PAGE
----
Thursday, 21 April 2011

Thoughts on creating a referencing video

I've recently been working on a referencing video aimed at trying to make some of the support we give through small group workshops and tutorials more available to large groups of students (who are pressured for time) and for our distance and part-time learners.

It's the first time I've done this kind of thing so it's been a bit of a process! Here's a few thoughts on it by way of a (very informal) self-evaluation of the resource:

1) Weigh up the Cost 'vs Benefit - The thing I'm most referring to here is the time it's taken to create. Partly this is because of this being a new process to me. Learning the steps to go through. Setting ILOs, writing a script, sourcing images, capturing screencasts - not to mention all of the audio visual recording, editing and producing - all take time. All of the literature I've read and background to building this resource suggest that videos are a potentially useful learning aid in this situation, BUT in the absence of any student feedback (yet) there is a bit of a leap of faith involved.

Some ideas for saving time:

  • re-use wherever possible and save everything (clips, images, audio, sources) not only will this help to save time but it will give any future productions a consistent look and feel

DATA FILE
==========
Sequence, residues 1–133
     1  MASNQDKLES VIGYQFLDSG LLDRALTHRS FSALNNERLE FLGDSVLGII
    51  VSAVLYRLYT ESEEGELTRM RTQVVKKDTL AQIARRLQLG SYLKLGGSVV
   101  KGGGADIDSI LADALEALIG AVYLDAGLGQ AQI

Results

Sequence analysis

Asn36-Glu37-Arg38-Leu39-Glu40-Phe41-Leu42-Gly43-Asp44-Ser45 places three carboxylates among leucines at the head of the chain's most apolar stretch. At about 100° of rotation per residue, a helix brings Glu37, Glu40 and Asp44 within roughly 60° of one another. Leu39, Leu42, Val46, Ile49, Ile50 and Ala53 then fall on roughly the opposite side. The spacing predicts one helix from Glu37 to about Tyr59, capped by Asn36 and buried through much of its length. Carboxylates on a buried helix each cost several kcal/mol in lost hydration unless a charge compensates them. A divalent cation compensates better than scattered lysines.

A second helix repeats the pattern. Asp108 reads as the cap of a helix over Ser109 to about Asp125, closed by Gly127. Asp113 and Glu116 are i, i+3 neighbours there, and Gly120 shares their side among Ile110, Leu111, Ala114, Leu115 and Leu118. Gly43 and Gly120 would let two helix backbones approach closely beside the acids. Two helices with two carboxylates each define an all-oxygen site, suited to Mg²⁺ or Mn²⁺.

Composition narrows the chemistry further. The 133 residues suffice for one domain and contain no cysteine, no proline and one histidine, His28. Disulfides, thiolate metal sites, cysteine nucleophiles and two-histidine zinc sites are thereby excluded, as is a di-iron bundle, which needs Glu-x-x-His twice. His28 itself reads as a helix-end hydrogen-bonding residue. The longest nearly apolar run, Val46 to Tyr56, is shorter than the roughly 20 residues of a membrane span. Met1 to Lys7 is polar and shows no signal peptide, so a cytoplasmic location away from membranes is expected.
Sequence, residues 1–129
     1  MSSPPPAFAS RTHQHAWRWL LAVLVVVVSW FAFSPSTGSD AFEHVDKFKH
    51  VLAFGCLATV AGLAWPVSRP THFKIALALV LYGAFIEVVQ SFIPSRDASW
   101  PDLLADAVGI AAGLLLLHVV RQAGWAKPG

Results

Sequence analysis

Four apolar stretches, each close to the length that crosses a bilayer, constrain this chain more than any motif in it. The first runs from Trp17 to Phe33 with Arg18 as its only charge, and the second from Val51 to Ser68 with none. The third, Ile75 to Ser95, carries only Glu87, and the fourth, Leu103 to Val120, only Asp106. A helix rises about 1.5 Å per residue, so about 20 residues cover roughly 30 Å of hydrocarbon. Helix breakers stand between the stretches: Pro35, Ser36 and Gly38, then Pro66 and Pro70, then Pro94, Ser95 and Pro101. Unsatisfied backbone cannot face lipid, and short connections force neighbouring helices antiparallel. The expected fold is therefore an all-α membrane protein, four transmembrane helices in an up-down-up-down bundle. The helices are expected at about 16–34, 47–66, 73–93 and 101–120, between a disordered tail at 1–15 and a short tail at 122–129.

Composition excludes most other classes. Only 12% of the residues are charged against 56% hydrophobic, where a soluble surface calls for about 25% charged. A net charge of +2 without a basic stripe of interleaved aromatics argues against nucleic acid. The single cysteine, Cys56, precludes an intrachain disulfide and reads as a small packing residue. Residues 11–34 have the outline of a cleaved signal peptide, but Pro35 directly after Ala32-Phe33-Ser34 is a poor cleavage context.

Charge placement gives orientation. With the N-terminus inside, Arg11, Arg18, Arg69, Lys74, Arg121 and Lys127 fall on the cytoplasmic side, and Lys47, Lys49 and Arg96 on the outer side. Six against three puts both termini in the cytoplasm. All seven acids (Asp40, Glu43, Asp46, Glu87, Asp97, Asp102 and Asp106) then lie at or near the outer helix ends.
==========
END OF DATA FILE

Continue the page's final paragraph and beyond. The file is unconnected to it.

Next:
• engage others: this might just be talking to others about what you're doing. Others may have quicker ways to do things or even know of existing resources that you can use instead
  • learn the software: a bit of time spent looking at camtasia help files has saved alot of time and wasted effort

In short lessons learnt from this video will hopefully make the process quicker in the future but I think it's important to evaluate potential benefits before chucking loads of time and energy at this...

2) People are great! Response from academic and professional colleagues in terms of development support and feedback has been fab. I don't just mean in terms of positive comments and encouragement (although that helps), it's also been really useful to get suggestions for improvements - especially in light of the cost vs benefit thing above.

3) Be bold! I mean in terms of style. It's interesting that I've had conflicting feedback about some of the style elements of the video. The conclusion I've come to is that its important to have confidence in your own style. There is a balancing act here. Obviously it's important that the resource isn't offensive, but be cautious about removing all of the touches that make it yours. I guess the analogy here is with face-to-face teaching. We all bring something of ourselves to the classroom (or at least should do). A funny story or a personal experience here and there help to bring the subject alive and engage learners. I think if we try and strip all of this away from recorded media there is a real danger (just as in face-to-face teaching) that learners will disengage with the resource.

That's it for this post. As I said, it's the first time I've done anything like this so I'd love to hear if anyone has any hints, tips or experiences to share...

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